QBasic - sortation techniques

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Sortation techniques :-

Being able to sort items by size is an important part of computing. It is also, perhaps one of the less easily understood routines. Some simple sort routines are very slow whilst others seem too arcane to be understood by mere mortals - or by me at least.

Whilst trawling through my back copies of PC Plus - one of the magazines I subscribe to, I found a very fast sortation method. The next day someone gave me a copy of a program called SortDemo which was lurking on the disks of one of our older machines. I have no idea who wrote it, or how we came to have a copy but I have included it in the downloadable zip file. It was investigating these routines that I made the logic error you can read about in Errors.

Here are the timings when I ran this program at home :-

Technique

Time
(Seconds)

Insertion

57

Bubble

51

Heap

24

Exchange

18

Shell

14

Quick

9

Quicksort :-

From the table you can see the quickest by far was the QuickSort routine. Here's a program that generates an array of random numbers then sorts them using a QuickSort algorithm.

Screenshot of QSort.bas

Screenshot of QSort.bas

'QSort  Ray Thomas      March 2002

'*** This is a QuickSort routine ***

DECLARE SUB DoSort (SortArray() AS INTEGER, Low AS INTEGER, High AS INTEGER)

'*** Program variables ***

OPTION BASE 1

DIM MyArray(250) AS INTEGER
DIM Count AS INTEGER            'Loop counter
DIM Number AS INTEGER           'General numeric variable

CLS

'*** Make an array of random numbers ***

PRINT
PRINT "Initial random array :-"
PRINT

RANDOMIZE TIMER
                                              
FOR Count = 1 TO UBOUND(MyArray)
        Number = (RND * 5000) + 1
        MyArray(Count) = Number
        PRINT MyArray(Count);
NEXT Count

Number = UBOUND(MyArray)

DoSort MyArray(), 1, Number

PRINT
PRINT
PRINT "Final sorted array :-"
PRINT
FOR Count = 1 TO UBOUND(MyArray)
        PRINT MyArray(Count);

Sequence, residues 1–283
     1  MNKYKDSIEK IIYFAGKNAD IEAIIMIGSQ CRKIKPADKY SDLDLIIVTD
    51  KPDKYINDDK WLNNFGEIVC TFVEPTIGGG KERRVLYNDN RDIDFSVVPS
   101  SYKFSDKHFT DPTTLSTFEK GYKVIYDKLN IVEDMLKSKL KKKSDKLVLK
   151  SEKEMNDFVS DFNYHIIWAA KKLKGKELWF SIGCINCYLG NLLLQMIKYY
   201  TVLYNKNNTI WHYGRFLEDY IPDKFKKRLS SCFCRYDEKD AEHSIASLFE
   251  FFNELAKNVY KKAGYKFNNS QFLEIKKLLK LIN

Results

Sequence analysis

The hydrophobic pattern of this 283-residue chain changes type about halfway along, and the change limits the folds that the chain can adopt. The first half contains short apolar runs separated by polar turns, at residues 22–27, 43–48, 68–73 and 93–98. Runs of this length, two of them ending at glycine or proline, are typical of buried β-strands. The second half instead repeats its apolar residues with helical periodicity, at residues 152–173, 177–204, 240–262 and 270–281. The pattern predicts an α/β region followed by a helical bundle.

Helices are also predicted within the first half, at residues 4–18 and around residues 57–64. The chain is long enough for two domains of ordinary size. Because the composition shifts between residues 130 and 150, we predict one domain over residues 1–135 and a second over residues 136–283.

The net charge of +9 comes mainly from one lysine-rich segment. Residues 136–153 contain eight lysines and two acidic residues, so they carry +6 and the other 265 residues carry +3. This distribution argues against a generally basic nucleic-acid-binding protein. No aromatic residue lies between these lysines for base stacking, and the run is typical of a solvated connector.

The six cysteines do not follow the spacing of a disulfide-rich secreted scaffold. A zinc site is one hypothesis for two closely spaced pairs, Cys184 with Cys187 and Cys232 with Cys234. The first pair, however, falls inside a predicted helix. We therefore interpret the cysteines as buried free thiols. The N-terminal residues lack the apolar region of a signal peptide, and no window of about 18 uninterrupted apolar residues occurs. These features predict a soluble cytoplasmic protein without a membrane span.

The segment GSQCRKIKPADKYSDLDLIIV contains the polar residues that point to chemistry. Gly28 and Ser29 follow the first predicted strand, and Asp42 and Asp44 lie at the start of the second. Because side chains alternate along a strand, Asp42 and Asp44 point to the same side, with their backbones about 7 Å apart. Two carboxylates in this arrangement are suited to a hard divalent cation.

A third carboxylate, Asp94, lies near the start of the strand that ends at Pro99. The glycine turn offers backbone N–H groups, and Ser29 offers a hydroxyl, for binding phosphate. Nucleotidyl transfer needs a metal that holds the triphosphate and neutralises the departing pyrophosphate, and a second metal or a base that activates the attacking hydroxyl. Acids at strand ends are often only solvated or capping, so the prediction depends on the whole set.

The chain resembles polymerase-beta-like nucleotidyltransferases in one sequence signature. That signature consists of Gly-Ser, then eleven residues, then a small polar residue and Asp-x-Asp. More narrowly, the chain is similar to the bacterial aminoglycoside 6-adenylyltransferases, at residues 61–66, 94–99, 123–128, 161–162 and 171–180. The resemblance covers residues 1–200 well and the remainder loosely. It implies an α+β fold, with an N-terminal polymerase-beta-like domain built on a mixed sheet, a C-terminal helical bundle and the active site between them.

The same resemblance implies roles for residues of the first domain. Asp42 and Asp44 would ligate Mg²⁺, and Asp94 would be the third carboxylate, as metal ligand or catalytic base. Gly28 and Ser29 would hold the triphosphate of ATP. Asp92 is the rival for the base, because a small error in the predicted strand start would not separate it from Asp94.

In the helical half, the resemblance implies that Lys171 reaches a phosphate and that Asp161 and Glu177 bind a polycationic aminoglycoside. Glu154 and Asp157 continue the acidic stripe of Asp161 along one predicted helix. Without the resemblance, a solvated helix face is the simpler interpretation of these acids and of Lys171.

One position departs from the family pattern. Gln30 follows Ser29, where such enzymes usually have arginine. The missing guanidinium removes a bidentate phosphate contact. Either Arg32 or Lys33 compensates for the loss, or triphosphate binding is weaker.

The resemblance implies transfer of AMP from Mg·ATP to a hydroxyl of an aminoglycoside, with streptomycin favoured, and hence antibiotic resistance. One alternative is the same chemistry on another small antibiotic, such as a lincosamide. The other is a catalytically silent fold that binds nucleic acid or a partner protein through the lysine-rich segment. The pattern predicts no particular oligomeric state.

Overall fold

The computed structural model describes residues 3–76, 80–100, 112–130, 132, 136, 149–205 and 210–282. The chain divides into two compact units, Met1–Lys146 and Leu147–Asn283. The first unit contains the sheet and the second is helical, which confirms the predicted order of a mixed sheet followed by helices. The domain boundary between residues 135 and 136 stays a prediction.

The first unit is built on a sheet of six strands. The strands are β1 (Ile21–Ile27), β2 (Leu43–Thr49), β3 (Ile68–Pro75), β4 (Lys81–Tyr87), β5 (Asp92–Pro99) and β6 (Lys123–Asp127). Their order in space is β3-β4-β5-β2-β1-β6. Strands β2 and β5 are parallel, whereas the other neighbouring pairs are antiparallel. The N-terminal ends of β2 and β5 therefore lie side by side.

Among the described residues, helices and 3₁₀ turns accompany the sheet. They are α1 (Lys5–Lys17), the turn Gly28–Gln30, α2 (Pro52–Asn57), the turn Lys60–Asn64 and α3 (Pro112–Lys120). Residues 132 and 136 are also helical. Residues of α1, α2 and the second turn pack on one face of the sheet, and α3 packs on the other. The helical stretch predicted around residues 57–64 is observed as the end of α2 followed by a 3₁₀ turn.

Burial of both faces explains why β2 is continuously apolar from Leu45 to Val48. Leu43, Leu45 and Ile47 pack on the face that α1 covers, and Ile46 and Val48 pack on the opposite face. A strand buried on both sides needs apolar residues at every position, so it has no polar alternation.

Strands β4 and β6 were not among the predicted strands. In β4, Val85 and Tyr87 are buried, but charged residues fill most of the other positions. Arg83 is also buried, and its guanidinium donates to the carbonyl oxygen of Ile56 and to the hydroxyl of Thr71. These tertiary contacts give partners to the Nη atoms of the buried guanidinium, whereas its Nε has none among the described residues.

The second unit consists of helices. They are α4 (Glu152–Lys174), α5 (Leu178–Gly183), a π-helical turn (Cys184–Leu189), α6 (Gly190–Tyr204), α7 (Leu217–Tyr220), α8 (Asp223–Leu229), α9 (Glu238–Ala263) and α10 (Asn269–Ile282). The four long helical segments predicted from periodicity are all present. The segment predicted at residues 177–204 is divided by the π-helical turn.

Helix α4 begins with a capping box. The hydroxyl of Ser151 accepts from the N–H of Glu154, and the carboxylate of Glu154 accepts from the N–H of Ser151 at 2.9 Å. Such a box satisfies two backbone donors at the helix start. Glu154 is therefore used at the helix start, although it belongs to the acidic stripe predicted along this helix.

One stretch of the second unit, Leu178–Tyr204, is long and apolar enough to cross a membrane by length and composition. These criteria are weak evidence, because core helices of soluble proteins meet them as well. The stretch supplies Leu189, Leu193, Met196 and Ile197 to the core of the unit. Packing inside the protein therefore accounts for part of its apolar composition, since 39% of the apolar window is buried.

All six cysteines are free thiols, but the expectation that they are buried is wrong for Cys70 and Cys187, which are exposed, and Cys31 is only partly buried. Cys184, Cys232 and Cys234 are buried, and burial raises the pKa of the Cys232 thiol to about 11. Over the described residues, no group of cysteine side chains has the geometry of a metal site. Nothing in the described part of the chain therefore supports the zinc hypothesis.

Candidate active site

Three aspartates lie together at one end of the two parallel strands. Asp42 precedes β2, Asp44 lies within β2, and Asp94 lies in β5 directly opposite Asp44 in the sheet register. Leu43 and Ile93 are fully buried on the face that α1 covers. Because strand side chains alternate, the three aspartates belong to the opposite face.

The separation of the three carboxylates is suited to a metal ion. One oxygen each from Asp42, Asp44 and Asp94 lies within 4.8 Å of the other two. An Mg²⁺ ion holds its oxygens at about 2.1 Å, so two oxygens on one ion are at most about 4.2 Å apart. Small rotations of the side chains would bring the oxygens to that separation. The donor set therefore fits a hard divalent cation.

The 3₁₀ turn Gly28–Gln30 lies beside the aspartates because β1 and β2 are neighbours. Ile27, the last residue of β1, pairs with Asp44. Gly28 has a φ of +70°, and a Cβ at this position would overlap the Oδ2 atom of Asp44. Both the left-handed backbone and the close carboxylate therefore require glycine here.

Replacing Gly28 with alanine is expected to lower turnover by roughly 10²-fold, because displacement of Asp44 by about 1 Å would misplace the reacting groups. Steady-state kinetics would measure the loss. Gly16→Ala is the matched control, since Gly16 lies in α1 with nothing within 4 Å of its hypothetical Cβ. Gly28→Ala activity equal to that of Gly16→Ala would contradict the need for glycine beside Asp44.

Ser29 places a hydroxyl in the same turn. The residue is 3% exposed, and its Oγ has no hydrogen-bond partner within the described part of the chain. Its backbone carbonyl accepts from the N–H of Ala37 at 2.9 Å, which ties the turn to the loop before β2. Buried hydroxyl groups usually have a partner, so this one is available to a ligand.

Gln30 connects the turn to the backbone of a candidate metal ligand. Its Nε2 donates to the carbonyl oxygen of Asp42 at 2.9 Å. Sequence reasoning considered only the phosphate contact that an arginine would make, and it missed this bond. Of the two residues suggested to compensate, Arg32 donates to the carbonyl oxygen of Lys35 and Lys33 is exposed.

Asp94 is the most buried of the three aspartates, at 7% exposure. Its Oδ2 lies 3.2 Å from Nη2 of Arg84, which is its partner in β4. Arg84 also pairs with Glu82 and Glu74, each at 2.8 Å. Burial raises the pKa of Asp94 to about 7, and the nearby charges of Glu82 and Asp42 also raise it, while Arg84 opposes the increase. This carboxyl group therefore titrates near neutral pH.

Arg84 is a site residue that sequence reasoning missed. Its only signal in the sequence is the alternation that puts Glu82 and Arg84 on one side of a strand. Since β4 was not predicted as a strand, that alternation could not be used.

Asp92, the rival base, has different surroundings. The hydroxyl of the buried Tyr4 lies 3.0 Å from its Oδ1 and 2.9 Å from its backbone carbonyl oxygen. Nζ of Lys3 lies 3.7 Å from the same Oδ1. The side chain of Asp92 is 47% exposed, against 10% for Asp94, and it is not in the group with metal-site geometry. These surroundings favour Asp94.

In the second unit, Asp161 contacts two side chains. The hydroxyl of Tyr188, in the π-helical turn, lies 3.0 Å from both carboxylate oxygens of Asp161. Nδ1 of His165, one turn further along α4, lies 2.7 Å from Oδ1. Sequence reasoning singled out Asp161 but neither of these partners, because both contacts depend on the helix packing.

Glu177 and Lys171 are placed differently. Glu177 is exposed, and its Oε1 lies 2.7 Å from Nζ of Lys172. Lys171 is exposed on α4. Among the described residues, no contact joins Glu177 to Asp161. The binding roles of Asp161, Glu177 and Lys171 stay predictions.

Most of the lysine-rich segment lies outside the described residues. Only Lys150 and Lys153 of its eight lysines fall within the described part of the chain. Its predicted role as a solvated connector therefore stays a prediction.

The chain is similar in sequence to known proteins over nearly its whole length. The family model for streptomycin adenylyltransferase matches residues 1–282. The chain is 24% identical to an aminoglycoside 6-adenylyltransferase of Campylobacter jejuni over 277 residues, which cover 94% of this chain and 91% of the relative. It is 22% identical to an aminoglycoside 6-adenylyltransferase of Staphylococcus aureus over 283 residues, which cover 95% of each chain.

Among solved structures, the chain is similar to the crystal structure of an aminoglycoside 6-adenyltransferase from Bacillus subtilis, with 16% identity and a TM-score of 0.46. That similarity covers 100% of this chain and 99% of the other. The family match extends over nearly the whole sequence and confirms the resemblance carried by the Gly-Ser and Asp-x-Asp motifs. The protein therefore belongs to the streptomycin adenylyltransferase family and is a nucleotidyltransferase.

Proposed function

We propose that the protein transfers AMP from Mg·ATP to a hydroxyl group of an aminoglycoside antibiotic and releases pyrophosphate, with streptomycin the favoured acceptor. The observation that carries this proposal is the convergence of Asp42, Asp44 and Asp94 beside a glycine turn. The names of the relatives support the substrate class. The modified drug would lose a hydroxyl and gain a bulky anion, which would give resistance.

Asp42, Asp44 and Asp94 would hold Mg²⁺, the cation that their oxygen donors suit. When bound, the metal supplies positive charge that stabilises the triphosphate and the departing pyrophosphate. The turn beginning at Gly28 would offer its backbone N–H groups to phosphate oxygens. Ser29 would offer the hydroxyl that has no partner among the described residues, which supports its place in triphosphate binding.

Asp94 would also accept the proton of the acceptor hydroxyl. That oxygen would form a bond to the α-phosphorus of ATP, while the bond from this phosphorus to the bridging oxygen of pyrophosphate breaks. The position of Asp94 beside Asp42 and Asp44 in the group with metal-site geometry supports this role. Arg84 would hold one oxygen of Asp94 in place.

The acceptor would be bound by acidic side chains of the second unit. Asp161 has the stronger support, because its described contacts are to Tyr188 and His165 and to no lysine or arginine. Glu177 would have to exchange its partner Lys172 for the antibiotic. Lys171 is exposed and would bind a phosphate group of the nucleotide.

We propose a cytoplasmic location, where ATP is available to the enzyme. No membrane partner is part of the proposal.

NEXT Count

END

SUB DoSort (SortArray() AS INTEGER, Low AS INTEGER, High AS INTEGER)

DIM Lower AS INTEGER
DIM Higher AS INTEGER
DIM RandIndex AS INTEGER
DIM Partition AS INTEGER


'QuickSort works by picking a random "pivot" element in SortArray, then
'moving every element that is bigger to one side of the pivot, and every
'element that is smaller to the other side. QuickSort is then called
'recursively with the two subdivisions created by the pivot. Once the
'number of elements in a subdivision reaches two, the recursive calls end
'and the array is sorted.

IF Low < High THEN

        ' *** Only two elements in this subdivision ***
        ' *** Swap them if they are out of order, then end recursive calls: ***

        IF High - Low = 1 THEN
                IF SortArray(Low) > SortArray(High) THEN
                        SWAP SortArray(Low), SortArray(High)
                END IF

        ELSE

                '*** Pick a pivot element at random, then move it to the end ***

                RandIndex = INT(RND * (High - Low + 1)) + Low
                SWAP SortArray(High), SortArray(RandIndex)
                Partition = SortArray(High)
                DO

                        '*** Move in from both sides towards the pivot element ***

                        Lower = Low
                        Higher = High
                        DO WHILE (Lower < Higher) AND (SortArray(Lower) <= Partition)
                                Lower = Lower + 1
                        LOOP

                        DO WHILE (Higher > Lower) AND (SortArray(Higher) >= Partition)
                                Higher = Higher - 1
                        LOOP

                        '*** If pivot element not reached, it means that ***
                        '*** two elements on either side are out of order, ***
                        '*** so swap them ***

                        IF Lower < Higher THEN
                                SWAP SortArray(Lower), SortArray(Higher)
                        END IF

                LOOP WHILE Lower < Higher

                '*** Move the pivot element back to its proper place in the array ***

                SWAP SortArray(Lower), SortArray(High)

                '*** Recursively call the SortArray sub ***
                '*** Pass the smaller subdivision first to use less stack space ***

                IF (Lower - Low) < (High - Lower) THEN
                        DoSort SortArray(), Low, Lower - 1
                        DoSort SortArray(), Lower + 1, High
                ELSE
                        DoSort SortArray(), Lower + 1, High
                        DoSort SortArray(), Low, Lower - 1
                END IF
        END IF
END IF

END SUB

You can also sort a string array using this method. To do this you need to make all references to MyArray, SortArray and Partition into strings.